Faced with the sudden outbreak of the COVID-19 pandemic and amid all sorts of negative noises, China and ASEAN, a pair of partners who has repeatedly weathered through thick and thin together and thus maintained deep mutual understanding, joined hands in cooperation and achieved successes in the fight against the pandemic as well as work and production resumption. When China was hit off-guard by the outbreak, ASEAN leaders, governments, private individuals and institutions expressed sympathy and offered assistance. In the Chairman’s Statement on ASEAN Collective Response to the Outbreak of Coronavirus Disease 2019 issued on February 15, 2020, ASEAN countries specifically expressed their sincere support for China. On February 20, the Special ASEAN-China Foreign Ministers’ Meeting on Coronavirus Disease (COVID-19) was held, at which the two sides decided to cope with the pandemic and its resulting consequences together. When the Disease was spreading across ASEAN, China’s central government, local governments, military, businesses and non-governmental organizations provided a large amount of medical material assistance to ASEAN countries. China held video conferences with ASEAN countries to share experience in fighting the pandemic and sent medical teams to several ASEAN countries. China also carried out vaccine cooperation with Indonesia and other countries, and provided vaccine assistance to several ASEAN countries.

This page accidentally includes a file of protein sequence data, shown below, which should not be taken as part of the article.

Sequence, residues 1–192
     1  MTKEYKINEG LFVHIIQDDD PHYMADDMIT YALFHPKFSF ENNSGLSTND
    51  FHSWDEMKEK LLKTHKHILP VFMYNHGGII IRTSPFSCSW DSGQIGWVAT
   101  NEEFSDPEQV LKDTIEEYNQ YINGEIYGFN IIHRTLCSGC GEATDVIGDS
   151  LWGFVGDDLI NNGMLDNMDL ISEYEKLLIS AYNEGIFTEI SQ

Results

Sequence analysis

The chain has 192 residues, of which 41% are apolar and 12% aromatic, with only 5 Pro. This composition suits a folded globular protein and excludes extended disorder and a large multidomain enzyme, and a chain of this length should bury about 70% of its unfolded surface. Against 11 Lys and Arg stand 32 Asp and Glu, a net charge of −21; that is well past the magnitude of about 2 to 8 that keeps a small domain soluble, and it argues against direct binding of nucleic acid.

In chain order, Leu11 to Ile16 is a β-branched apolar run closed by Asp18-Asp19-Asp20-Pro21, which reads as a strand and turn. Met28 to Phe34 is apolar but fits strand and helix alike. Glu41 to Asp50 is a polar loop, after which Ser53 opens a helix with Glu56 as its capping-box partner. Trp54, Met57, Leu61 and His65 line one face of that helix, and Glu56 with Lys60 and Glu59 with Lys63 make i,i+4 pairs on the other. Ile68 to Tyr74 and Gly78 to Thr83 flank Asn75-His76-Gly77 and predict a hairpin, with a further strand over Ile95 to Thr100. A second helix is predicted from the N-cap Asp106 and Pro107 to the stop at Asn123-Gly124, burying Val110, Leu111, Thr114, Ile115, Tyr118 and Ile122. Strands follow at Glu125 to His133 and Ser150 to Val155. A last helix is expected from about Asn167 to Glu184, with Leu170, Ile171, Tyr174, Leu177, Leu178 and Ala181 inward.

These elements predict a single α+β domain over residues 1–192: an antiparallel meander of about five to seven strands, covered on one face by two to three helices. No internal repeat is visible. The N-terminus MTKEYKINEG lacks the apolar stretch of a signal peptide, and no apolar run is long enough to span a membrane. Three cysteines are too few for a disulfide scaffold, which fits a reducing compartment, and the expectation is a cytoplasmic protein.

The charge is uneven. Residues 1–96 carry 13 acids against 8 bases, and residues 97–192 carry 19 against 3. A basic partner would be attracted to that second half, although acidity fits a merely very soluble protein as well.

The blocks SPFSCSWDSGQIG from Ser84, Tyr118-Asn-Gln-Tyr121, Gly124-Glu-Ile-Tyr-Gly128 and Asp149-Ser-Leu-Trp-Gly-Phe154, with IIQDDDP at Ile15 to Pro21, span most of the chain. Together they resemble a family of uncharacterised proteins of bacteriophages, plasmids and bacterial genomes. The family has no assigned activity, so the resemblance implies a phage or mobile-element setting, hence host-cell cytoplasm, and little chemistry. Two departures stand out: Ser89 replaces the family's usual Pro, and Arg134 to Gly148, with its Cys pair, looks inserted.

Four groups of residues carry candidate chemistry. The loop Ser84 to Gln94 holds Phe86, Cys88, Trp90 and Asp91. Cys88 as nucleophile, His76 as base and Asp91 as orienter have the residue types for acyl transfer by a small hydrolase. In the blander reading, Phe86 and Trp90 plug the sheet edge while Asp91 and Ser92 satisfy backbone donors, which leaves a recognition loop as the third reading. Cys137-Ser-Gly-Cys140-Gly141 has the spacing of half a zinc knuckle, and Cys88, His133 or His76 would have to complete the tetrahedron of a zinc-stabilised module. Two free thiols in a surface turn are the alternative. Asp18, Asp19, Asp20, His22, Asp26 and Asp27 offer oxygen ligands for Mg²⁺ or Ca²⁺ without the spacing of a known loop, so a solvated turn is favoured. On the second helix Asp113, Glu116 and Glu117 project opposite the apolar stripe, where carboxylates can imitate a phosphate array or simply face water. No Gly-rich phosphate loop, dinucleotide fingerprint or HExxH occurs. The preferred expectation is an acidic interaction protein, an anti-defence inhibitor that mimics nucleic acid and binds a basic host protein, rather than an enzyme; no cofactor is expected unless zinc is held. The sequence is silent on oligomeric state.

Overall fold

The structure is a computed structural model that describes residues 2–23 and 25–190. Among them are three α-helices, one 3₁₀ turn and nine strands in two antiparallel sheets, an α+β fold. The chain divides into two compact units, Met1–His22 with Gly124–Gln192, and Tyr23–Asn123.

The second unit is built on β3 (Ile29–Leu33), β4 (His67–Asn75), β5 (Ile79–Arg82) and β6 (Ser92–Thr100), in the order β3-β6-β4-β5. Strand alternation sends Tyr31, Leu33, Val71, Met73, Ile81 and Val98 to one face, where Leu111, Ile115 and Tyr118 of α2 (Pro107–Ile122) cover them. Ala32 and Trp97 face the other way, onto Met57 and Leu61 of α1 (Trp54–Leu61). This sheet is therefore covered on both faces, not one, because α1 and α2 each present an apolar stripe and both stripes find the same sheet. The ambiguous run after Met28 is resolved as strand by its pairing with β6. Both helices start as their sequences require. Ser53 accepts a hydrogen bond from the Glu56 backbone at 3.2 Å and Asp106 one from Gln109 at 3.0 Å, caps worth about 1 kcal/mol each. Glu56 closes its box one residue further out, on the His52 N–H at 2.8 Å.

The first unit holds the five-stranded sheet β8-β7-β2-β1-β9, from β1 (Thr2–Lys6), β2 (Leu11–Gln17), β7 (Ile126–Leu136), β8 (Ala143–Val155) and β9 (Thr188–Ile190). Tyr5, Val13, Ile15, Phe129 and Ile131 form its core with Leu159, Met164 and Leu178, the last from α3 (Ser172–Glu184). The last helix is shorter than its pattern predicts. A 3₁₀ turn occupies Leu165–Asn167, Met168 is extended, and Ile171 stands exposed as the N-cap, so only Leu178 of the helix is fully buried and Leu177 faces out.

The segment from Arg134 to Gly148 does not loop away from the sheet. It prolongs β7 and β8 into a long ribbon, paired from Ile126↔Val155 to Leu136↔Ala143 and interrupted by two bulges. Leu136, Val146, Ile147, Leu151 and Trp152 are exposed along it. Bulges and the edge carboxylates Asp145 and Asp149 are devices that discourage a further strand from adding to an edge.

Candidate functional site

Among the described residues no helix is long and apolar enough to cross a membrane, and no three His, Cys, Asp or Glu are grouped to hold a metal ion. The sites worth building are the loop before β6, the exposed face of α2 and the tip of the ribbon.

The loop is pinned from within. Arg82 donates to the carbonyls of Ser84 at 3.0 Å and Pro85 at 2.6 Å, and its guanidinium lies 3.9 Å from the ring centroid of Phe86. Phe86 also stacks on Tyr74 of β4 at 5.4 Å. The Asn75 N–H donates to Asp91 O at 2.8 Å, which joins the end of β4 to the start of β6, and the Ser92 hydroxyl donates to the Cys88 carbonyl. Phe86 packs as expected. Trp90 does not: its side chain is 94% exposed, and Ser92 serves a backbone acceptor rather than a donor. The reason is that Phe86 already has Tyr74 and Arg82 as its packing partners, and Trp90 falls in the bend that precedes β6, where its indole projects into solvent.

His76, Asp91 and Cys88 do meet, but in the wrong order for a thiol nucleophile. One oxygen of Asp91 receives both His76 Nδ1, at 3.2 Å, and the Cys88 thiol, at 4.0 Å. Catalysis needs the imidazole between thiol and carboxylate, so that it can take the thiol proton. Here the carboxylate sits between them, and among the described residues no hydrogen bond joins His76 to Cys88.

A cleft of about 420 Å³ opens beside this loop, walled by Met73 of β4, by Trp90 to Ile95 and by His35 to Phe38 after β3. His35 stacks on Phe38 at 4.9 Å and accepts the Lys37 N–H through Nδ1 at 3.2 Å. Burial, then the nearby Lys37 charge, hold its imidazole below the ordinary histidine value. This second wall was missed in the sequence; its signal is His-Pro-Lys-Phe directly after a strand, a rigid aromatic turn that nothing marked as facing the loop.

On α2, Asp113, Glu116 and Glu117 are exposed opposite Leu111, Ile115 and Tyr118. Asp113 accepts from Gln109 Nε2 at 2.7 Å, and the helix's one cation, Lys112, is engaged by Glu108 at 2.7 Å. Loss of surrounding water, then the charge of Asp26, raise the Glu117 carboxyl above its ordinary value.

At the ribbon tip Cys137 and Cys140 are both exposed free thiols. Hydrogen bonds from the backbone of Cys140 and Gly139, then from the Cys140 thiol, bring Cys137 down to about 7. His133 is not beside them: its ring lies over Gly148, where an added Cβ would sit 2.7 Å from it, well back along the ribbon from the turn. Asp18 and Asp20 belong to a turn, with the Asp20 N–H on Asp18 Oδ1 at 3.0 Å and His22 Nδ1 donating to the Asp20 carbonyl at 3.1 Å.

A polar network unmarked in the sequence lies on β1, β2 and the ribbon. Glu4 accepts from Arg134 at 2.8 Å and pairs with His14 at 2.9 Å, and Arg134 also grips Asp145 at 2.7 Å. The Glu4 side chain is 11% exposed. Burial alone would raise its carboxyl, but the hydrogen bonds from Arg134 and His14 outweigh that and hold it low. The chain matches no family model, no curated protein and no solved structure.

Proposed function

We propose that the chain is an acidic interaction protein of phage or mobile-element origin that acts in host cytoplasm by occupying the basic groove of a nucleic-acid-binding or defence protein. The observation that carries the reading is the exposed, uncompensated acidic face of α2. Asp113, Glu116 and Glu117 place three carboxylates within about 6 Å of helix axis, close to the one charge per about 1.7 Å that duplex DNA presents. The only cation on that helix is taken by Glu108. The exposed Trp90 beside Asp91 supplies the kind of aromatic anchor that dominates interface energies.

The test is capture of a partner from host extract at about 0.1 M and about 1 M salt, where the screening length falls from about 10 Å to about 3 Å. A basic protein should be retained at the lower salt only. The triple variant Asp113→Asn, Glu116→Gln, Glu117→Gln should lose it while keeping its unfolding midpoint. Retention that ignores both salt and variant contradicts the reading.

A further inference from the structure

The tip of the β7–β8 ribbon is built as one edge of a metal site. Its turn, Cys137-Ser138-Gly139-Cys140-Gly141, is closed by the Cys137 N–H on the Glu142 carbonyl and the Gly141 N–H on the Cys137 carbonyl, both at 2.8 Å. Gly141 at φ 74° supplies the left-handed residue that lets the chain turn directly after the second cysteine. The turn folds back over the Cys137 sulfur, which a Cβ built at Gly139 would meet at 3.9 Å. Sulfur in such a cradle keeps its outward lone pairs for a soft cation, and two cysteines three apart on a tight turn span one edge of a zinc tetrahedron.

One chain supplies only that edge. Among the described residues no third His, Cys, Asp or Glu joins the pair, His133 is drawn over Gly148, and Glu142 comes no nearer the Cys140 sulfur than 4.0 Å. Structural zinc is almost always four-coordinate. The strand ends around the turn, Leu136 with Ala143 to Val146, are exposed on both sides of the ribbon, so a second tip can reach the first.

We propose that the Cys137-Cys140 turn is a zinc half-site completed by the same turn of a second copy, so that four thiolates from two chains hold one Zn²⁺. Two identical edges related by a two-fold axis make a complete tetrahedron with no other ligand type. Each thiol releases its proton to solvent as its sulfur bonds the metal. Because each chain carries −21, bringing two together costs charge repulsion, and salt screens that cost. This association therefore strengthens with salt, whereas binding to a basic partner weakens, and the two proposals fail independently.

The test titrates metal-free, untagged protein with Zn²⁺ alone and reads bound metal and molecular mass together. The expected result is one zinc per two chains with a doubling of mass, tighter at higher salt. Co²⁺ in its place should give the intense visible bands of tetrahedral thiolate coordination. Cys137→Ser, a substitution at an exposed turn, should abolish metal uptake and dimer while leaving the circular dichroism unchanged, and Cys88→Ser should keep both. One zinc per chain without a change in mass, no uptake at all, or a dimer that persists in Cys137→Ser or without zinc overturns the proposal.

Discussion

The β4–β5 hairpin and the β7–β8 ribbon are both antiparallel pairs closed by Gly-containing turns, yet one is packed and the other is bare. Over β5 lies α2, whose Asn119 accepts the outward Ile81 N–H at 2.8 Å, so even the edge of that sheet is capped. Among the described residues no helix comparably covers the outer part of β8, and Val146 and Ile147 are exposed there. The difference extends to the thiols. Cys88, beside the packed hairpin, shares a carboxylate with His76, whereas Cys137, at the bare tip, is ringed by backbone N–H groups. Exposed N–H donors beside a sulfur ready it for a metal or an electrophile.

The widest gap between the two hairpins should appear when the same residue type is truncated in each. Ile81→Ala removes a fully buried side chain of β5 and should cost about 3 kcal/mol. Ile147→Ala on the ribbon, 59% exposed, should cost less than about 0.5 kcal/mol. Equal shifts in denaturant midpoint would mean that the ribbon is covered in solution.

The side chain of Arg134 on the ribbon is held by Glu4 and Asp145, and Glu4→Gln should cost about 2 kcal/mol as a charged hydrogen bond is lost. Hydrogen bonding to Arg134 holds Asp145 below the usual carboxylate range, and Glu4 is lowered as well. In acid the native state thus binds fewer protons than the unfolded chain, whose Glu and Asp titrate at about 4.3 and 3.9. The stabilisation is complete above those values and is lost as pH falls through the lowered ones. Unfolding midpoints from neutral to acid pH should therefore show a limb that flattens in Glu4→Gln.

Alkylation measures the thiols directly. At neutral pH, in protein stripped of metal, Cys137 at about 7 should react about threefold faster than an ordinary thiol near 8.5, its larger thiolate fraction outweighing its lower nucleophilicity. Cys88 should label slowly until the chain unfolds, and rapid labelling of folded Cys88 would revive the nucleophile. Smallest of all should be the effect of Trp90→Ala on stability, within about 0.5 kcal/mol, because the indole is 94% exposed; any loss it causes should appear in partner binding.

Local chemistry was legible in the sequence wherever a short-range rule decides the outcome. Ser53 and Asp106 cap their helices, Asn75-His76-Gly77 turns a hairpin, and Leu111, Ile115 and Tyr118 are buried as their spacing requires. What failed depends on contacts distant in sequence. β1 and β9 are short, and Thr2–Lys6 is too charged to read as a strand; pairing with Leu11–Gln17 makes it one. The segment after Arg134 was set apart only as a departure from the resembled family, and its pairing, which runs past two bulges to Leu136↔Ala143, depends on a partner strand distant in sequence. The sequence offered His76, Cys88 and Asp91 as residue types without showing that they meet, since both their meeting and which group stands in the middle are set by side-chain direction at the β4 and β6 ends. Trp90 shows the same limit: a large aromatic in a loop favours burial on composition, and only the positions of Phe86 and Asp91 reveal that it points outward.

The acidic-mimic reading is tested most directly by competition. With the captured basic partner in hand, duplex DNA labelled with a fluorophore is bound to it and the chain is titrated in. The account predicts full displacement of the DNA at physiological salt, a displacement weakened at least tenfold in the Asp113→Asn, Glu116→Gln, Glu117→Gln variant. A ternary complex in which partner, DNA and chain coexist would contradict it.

In order to reduce the pandemic-inflicted loss to bilateral economic and trade cooperation, China and ASEAN countries have created “fast tracks” and “green lanes” to facilitate the flow of people and goods, working hard to forge ahead with “Belt and Road” as well as other cooperation projects. During the pandemic prevention and control period, the construction of China-Laos railroad saw significant progress, the Tunnel 3 of the Jakarta-Bandung high speed railway (JBHSR) project was drilled through, the first international freight train between the Yangtze River Delta region and ASEAN traveling from Nantong, China to Hanoi, Vietnam was launched, financial cooperation within the framework of the China-Singapore connectivity initiative has radiated to seven provinces and regions in western China, and the 3rd Lancang-Mekong Cooperation(LMC) leaders’ meeting decided to push for the synergizing of the LMC with the New International Land-Sea Trade Corridor.